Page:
Wednesday, October 1, 2008
Profile: Father Lee Nelson
I grew up in the Episcopal Church, my parents having gone through incredible conversions when I was about three years old. Through the power of the prayers of a little parish in Federal Way, Washington... not only was my dad healed from deadly spinal meningitis, but both my mom and dad were brought to faith in the Lord Jesus. When I was 15 years old, I found myself praying in a church following the Stations of the Cross. We were living in Texas then, and I had never really made the Faith my own. As I was “praying” (I was really praying to be able to escape the church without looking stupid.), I was hit with the Gospel. I understood, in a moment, that Jesus really had died for me. That He really did love me. Right then and there, I gave my life to Him, without reservation. That was August 19th, 1995.
Well, I threw myself into the Church, the life of my parish, getting into everything I could. God took this insignificant scrawny teenager who was really kind of shallow and made him into a leader. To make a long story short, I enrolled at Texas A&M University in College Station, Texas and studied business, thinking that I might be called to the priesthood, but that that was for people in their 40s, and it would be a long time coming. In my junior year, I applied for all kinds of internships in the business world, but quickly became disillusioned, deciding to scrap the idea and apprentice myself to a priest for the summer. I didn’t even know how this would happen, but then I heard a sermon. The sermon was given by a professor of mine, an Assemblies of God preacher who also taught marketing. Go figure. Well, he was preaching on Acts 16, which tells the story of Saint Paul at the very end of a journey through Asia Minor. He wants to go to Bithynia, but the Scriptures tell us that “they attempted to go into Bithynia, but the Spirit of Jesus did not allow them;” (Acts 16:7) What ends up happening is that Paul, unable to go to Bithynia, winds up going to Europe instead. Paul has his eyes set on this great city of Bithynia, but God has plans to take him across the Bosphorus to Europe, where the Gospel spreads like wildfire. The point of the sermon is that sometimes God takes you where you don’t really want to go because His plans are greater than yours. Well, the following Monday, I received a call from Harley-Davidson Motor Company in Milwaukee asking me to work for them for a summer doing retail supply management. So I went. I didn’t want to (can you imagine that!), but I did anyway.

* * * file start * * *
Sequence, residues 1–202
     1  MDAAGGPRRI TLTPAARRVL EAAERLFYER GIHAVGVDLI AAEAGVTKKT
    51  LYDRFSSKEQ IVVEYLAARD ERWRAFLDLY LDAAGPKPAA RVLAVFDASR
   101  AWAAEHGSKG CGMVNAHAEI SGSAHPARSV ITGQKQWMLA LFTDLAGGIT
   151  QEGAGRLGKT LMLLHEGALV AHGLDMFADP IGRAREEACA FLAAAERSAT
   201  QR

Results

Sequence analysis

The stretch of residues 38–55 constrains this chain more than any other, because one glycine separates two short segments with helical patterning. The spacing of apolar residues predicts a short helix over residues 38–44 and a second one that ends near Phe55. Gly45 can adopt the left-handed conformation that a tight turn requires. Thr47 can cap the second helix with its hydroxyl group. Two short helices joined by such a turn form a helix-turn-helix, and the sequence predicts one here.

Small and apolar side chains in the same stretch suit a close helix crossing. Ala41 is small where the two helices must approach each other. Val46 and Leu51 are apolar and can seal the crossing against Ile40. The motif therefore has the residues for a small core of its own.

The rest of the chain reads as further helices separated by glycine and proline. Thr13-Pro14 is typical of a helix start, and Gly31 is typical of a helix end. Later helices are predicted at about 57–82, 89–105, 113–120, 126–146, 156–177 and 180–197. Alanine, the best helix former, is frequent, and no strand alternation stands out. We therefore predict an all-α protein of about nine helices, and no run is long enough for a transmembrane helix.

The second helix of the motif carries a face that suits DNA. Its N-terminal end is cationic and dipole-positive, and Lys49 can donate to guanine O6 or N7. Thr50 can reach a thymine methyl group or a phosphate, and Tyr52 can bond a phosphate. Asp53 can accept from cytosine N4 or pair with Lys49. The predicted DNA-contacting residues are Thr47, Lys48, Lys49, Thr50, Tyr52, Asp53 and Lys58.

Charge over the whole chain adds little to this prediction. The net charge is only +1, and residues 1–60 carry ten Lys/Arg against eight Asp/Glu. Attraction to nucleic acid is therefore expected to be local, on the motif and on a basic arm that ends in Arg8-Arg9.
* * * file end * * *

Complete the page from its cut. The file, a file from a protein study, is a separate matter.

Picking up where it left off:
At this point, I should tell you that my numbers-oriented brain was perfect for this job, but my heart was not in it. In fact, I hated it. And, when I returned to school for that fall, I sat down and wrote a letter to Bishop Iker. The letter basically told him that I could no longer pursue anything but the priesthood, and asked for his guidance. That was all it asked for - guidance. Well, I didn’t send the letter. I hung on to it and read it at least once a week, sometimes many times in one day. In October, Harley-Davidson offered me a job. We were at a BBQ joint in College Station, and on hearing the numbers, I nearly choked on my brisket! I turned it down, and the following week - I sent the letter.